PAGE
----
The risks of failing to act should not be underestimated.”
Source: Bank of International Settlements via http://hussmanfunds.com/wmc/wmc140707.htm
Trade Signals: Sentiment Remains Extreme – 7-9-2014
The cyclical trend remains bullish for both the equity and fixed income markets. Investor Sentiment remains convincingly in the extreme optimism zone.
Click here for a link to Wednesday’s Trade Signals.
The debt challenges remain and we are in an overbought, over-believed and overvalued market environment. QE has driven investors into riskier assets. Cash levels are low and margin debt is at a record high. Risk is high. But, and I mean a very big BUT, there is an opportunity if we position ourselves correctly.
I told the crowd in Denver that there are two kinds of individuals looking to make money: an investor or a speculator. The speculator has to be right on both his call, timing and positioning of his bet. The investor is focused on making money. Being right or making money.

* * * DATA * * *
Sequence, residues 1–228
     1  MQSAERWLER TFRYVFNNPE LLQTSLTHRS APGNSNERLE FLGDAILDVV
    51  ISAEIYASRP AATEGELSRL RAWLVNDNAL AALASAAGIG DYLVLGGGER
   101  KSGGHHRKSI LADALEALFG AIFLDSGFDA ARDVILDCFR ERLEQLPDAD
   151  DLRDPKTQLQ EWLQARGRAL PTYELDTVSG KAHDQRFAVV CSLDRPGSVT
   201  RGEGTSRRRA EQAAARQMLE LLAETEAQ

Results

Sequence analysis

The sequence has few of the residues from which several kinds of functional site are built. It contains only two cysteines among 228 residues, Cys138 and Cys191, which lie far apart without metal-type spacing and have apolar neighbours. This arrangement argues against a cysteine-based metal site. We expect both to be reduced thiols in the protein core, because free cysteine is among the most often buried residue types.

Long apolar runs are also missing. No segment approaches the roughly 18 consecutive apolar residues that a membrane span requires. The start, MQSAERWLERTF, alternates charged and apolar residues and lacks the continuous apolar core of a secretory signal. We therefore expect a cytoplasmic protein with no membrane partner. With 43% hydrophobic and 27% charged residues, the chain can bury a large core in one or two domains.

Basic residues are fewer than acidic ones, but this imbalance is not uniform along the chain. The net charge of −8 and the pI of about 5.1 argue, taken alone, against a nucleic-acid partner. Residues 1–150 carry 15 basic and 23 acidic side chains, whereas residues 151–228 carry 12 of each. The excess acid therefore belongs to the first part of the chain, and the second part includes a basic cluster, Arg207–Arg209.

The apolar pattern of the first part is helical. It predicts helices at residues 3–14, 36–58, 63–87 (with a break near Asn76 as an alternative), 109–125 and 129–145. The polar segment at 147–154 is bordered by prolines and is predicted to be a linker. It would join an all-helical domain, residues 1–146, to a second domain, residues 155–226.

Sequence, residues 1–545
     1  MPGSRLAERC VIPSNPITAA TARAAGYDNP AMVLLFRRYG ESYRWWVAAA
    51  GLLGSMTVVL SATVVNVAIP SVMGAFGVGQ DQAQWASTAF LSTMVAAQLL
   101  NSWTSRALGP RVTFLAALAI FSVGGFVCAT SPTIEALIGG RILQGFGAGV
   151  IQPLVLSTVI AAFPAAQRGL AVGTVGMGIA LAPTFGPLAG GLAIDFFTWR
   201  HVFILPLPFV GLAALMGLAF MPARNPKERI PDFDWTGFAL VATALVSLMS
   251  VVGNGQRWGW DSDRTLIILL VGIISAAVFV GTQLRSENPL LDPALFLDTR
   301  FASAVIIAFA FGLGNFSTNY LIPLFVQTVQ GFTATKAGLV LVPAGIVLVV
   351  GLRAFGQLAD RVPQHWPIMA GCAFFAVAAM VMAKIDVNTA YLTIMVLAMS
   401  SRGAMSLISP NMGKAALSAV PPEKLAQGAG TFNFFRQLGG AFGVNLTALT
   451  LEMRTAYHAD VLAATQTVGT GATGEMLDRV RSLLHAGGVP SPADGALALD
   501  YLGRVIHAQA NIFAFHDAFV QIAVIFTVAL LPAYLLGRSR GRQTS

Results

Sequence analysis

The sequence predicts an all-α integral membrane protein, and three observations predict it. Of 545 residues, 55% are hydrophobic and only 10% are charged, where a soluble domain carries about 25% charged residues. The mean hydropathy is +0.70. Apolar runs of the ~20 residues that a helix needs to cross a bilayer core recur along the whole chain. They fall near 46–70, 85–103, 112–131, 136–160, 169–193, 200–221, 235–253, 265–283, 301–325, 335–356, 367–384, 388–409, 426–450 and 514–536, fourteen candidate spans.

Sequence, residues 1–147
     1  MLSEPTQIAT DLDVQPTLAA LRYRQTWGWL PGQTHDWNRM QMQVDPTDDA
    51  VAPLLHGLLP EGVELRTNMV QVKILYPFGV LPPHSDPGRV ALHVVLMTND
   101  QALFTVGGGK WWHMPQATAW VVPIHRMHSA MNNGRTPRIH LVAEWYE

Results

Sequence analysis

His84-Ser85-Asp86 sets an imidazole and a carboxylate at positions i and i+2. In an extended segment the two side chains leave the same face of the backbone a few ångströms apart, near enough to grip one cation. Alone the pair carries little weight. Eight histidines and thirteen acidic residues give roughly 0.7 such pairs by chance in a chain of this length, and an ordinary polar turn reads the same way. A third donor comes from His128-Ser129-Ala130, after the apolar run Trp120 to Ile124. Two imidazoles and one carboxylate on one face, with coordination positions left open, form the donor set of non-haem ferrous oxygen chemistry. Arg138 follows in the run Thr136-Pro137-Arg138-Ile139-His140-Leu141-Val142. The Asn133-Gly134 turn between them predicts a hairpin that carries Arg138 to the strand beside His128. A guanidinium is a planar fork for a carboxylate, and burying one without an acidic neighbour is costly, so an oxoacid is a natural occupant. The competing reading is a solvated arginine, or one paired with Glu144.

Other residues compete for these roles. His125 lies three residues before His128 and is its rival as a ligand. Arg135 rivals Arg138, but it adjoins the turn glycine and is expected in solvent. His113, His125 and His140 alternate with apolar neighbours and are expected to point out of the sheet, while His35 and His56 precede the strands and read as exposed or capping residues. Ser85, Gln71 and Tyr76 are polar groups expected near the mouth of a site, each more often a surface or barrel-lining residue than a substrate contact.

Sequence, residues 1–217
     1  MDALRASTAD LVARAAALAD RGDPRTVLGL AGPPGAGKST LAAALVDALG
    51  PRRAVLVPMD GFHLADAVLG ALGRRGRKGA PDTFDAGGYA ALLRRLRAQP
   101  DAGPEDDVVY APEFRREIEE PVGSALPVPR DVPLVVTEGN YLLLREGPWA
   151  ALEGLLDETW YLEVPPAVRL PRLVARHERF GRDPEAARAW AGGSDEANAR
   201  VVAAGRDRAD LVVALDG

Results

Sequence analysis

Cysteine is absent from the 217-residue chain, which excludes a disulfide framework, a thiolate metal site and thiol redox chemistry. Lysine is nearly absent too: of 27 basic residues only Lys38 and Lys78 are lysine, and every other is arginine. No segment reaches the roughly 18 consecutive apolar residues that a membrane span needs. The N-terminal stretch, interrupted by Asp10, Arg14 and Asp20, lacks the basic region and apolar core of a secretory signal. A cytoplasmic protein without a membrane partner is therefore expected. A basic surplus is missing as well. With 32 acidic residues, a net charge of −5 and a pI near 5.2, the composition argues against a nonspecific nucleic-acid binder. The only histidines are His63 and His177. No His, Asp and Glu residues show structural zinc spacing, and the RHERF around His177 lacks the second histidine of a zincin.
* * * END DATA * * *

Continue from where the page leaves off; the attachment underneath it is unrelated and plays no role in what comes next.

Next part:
When equity risk is high, I believe it is best to overweight your portfolio to include a handful of tactical strategies. I’ve been sounding the debt warning and policy response concerns for some time now. Despite this ominous backdrop and, frankly, my personal view on current risk, price momentum has pointed correctly towards equity and other more aggressive asset class exposures.
We all look for the great market call. The get rich call. Deflation or inflation? Timing a market top? This is impossible to do consistently. Being right? Hussman, Dalio, Paulson, Hunt, Mauldin, Shiller, Shilling, Grantham? How do you allocate and size your investment risks? The good news is you don’t need to be right all the time.
Disciplined tactical strategies seek to position in line with market leadership. They have the flexibility to move to safer asset classes when leadership points in that direction. When risk is high in equities, tilt your weightings and overweight tactical. When a crash does materialize you may be in a far better position to take advantage of the outstanding opportunity that the decline will bring. When risk is low, tilt back to overweight equities.